In March this year, I had a chance to have lunch with Sanjay Behl (at the conference on India and its neighbors at the Harvard Business School), the head of marketing at Nokia India. It was quite exciting to hear about the rapid growth of mobile phones in a poor country like India and how Nokia has been creative in customize its offering to the local situation. In other words, Nokia is an excellent case study for all those companies that have huge businesses in the developed world but are struggling to grow because of the mature nature of the market.
Countries in Latin America, South East Asia, Africa, the Middle East, and Central and Eastern Europe are among the fastest growing new markets for mobile services, according to new consumer research by Nokia. The study found that brand, handset quality, and network service quality are strong market drivers in New Growth Markets that sometimes outweigh the cost factors that industry watchers typically expect.
I have even come across studies that camera phones are really popular in these markets compared to the United States, for example, where vast majority of us are happy with a handset that can simply let us make phone calls. The study also revealed another interesting statistic - the value of a brand. We have become so obsessed with lower price that brand for us is rarely an issue. With commoditization being the trend all the way from grocery items to electronics, we do not value brands as much. In these markets, on the other hand, handset brand is the main factor in phone choice among respondents. On average, 46 percent expressed this opinion unprompted; among the 16-24 age group it is even higher at 52 percent. In India it is 64 percent.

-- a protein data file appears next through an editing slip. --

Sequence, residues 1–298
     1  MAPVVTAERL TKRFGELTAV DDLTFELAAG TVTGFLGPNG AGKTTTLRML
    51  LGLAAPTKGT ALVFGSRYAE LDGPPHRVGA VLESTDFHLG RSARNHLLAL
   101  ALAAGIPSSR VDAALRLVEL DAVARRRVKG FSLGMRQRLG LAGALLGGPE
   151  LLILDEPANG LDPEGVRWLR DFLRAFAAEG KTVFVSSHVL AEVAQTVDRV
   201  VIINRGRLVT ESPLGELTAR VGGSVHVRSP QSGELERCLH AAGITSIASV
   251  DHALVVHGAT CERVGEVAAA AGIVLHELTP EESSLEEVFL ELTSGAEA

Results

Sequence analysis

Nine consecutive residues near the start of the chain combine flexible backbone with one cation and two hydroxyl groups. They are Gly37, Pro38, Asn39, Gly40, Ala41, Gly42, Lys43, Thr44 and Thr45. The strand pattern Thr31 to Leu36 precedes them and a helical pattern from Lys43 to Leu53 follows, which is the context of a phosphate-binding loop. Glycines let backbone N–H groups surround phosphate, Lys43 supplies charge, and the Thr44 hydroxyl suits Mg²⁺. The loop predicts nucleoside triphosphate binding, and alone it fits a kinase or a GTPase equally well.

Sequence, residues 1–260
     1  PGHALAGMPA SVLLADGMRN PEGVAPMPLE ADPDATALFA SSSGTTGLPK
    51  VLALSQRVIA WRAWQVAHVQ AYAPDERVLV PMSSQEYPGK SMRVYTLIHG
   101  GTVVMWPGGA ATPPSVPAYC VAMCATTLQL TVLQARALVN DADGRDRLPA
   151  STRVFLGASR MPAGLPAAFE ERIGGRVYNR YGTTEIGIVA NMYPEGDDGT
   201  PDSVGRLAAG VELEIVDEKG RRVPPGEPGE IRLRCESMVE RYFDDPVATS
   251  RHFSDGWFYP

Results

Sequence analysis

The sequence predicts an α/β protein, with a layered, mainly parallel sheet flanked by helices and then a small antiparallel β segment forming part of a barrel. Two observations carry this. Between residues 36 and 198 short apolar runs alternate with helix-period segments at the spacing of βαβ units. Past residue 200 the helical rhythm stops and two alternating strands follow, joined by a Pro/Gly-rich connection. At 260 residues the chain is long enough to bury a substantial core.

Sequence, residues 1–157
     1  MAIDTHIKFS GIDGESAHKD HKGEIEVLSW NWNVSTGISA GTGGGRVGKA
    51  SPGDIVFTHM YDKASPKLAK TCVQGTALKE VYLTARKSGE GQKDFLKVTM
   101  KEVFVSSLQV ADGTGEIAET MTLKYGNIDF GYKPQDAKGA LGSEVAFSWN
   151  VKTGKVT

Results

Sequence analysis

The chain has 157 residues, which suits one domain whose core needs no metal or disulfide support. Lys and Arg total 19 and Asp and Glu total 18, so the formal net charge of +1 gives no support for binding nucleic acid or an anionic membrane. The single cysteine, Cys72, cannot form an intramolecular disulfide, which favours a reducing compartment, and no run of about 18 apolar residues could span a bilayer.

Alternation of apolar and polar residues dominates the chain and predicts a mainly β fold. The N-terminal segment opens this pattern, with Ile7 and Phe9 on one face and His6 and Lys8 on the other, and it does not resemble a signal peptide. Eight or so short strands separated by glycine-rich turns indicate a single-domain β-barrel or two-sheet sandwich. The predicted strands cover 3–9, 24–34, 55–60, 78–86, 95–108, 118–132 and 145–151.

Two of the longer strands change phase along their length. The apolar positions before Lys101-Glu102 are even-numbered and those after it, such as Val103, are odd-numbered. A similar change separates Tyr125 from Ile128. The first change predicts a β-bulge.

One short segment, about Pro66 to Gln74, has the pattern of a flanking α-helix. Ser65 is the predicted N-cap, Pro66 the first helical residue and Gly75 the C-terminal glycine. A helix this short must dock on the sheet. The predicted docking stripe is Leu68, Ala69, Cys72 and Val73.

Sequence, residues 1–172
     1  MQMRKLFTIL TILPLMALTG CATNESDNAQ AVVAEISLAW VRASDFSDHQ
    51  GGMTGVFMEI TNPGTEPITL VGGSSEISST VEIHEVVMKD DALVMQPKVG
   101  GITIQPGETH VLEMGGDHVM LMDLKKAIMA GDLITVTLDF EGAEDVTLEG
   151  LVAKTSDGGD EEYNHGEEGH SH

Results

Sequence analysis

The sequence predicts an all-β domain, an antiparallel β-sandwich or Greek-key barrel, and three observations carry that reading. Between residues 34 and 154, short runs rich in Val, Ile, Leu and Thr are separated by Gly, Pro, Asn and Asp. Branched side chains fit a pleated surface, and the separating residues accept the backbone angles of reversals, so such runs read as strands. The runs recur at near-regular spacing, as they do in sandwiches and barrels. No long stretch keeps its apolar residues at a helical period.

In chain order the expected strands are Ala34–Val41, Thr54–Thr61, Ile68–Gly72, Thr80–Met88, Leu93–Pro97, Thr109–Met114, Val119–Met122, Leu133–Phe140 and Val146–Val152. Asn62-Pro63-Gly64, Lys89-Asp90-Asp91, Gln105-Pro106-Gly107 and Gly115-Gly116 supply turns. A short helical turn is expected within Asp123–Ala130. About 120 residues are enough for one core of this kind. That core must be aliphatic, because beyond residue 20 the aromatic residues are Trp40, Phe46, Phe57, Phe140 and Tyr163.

What does it mean for you?
- While the developed world may continue to provide you with the bulk of your sales and profits, the growth is simply not there. So look for markets that are growing and try to ride the wave.
- A lot of growth is happening in countries where English is not spoken (India is the only exception). That should not scare you. While English usage will grow as the world shrinks, as local economies become stronger, people will see lesser need to learn English (similar to the cases of countries like Japan, South Korea, France, etc.). Like Nokia, develop a local team of smart executives like Sanjay Behl that can drive growth because they understand the local market better than anyone who is not there.
- Stay on top of trends and drivers through research. Useful information on growth opportunities can often come from unexpected resources. For instance, this article while talking about the cell phone market growth, also indirectly points to growth opportunities for batteries, cell phone accessories, prepaid cards, retail outlets, etc.
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